31 Mar March sees sharp fall in East of England business confidence
Business confidence in the East of England fell 25 points during March to 1%, according to the latest Business Barometer from Lloyds Bank Commercial Banking.
The research, taken between the 2nd and 16th March, showed that companies in the region had lower confidence in their business prospects at -8% and lower economic optimism at 10%. Together, this gives an overall confidence of 1%.
Across the UK, overall business confidence fell by 17 percentage points to 6% in March, the lowest level since October 2019. However, the report showed that nationally, for the second week of the survey, a much sharper fall in overall confidence was recorded at -3%. It matches the lowest dip seen by the barometer since December 2011 and is otherwise the lowest dip since March 2009 during the global financial crisis.
Responding specifically to the impact of the Coronavirus, 81% of East of England businesses stated that they had already been affected or expected to be impacted, ahead of Boris Johnson’s initial call for the public to stay at home on March 16th. The data illustrates the impact that the outbreak was having on business confidence before many initiatives launched by the Government to help combat the virus were announced.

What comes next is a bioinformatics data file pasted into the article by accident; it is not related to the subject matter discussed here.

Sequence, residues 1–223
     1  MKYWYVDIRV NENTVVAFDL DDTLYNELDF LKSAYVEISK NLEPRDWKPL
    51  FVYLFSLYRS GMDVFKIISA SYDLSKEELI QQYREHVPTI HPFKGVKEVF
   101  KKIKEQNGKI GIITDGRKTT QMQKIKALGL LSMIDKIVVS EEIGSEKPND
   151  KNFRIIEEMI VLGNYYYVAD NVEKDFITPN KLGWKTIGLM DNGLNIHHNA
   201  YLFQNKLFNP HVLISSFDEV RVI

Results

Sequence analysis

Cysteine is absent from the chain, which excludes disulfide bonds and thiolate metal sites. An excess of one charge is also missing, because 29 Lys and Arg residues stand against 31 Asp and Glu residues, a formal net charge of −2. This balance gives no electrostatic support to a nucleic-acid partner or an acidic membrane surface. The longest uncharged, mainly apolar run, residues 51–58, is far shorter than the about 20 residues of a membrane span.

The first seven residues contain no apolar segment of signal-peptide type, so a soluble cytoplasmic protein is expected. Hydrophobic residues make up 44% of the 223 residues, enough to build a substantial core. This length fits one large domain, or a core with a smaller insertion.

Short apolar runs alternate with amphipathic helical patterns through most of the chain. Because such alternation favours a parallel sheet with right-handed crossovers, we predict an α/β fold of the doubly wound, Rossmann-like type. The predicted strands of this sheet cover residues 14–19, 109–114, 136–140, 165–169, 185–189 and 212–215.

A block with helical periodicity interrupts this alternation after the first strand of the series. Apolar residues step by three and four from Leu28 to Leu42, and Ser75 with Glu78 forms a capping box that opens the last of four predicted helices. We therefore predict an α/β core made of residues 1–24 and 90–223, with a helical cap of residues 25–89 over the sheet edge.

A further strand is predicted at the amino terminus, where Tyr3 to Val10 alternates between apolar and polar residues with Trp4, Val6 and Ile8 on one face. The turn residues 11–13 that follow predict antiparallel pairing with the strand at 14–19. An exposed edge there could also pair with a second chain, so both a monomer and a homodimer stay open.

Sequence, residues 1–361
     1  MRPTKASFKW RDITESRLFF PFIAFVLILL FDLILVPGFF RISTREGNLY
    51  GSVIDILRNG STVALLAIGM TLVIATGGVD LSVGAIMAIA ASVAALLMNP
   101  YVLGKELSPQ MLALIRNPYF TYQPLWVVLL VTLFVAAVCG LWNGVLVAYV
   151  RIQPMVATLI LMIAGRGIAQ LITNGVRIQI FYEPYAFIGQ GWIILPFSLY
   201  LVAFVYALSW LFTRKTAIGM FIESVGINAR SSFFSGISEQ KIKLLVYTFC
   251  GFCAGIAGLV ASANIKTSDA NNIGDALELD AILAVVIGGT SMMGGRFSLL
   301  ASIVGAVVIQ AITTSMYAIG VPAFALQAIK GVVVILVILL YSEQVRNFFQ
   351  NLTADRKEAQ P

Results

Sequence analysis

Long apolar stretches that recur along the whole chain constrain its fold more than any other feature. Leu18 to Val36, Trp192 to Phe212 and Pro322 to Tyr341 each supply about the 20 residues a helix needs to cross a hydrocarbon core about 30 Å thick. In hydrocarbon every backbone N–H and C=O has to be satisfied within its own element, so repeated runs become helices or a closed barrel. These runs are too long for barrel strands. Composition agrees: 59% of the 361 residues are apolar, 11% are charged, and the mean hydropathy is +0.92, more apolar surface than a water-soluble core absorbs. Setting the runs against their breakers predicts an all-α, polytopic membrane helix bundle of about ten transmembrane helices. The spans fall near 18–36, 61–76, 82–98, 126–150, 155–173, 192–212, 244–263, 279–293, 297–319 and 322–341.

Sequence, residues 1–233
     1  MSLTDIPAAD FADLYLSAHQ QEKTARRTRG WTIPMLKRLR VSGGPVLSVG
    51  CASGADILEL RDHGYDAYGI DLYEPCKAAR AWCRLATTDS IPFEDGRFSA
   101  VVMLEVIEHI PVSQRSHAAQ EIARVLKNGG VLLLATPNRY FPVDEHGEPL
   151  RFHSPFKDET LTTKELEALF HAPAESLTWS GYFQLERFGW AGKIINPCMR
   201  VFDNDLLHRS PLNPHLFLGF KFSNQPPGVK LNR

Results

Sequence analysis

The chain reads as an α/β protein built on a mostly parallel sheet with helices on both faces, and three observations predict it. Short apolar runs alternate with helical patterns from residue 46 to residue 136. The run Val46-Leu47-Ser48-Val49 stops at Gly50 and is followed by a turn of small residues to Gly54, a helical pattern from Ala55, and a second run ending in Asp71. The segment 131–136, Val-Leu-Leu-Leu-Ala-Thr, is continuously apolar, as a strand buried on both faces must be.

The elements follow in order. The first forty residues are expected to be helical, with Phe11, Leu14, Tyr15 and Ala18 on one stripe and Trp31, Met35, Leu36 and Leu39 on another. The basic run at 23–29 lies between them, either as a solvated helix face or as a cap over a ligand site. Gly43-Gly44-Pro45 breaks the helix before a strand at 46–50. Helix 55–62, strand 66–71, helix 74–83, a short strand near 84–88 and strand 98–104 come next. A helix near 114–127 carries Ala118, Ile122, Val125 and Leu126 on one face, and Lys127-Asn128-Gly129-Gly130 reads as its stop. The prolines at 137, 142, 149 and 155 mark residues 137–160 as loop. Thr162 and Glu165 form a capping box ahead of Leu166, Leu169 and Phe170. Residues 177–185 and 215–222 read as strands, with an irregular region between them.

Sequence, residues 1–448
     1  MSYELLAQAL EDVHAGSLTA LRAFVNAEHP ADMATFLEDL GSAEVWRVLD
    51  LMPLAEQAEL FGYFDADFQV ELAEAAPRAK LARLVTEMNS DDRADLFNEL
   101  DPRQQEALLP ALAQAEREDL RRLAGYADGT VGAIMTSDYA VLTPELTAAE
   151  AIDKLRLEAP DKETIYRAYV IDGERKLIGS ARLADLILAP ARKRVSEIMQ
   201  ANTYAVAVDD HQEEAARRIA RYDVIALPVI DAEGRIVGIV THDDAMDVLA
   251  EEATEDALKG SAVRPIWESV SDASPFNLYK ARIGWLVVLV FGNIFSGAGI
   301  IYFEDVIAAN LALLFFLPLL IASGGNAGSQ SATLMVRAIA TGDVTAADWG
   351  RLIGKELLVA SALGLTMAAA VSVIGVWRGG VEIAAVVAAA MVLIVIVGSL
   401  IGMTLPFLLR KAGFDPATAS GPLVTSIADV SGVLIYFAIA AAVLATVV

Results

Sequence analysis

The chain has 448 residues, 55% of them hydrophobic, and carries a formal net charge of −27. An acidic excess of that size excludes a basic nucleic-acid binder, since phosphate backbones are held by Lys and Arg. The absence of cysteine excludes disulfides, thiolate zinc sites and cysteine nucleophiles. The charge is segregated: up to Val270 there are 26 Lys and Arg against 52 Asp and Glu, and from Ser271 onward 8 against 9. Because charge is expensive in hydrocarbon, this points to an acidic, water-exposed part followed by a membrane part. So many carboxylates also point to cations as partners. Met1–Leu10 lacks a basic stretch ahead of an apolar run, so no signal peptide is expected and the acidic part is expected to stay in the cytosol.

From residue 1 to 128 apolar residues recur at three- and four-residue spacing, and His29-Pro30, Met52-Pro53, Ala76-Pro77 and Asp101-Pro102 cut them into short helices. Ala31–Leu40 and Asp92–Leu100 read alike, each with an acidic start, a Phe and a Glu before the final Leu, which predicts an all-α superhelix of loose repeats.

The Business Barometer questions 1,200 businesses monthly and provides early signals about UK economic trends both regionally and nationwide.
David Atkinson, regional director for the East of England at Lloyds Bank Commercial Banking, said: “The impact of the virus was already being felt by East of England businesses before the social distancing measures were announced by the Government, so it is no surprise that the overall confidence and business prospects of firms across the region have dropped so significantly during the last month. As tough trading conditions continue to weigh heavily on businesses’ collective outlook, we can likely expect an even more subdued picture next month.
“That said, we are proud of the resilience and adaptability that businesses are showing, such as Essex-based specialist healthcare construction and engineering firm CFES, which is working with the NHS to deliver additional hospital bed capacity, with our support. This is just one example of how we are here to help our customers through any interruptions they may face. As part of our anticipated £18bn of support for businesses this year, we’ve set aside £2bn of arrangement fee free finance to help small firms affected by COVID-19.
“This funding is designed to help businesses manage their cashflow, which might have been affected by supply chain interruptions or employee absences. We’re also advising firms on how they can access the Coronavirus Business Interruption Loan Scheme (CBILS). We remain committed to supporting our customers in the weeks and months ahead in any way we can.”
Businesses in the North East had the highest confidence at 23%, ahead of the South West at 16%, and London at 12%.
Those in the South East were the least confident, with an overall confidence of -10%, 16 points below the national average.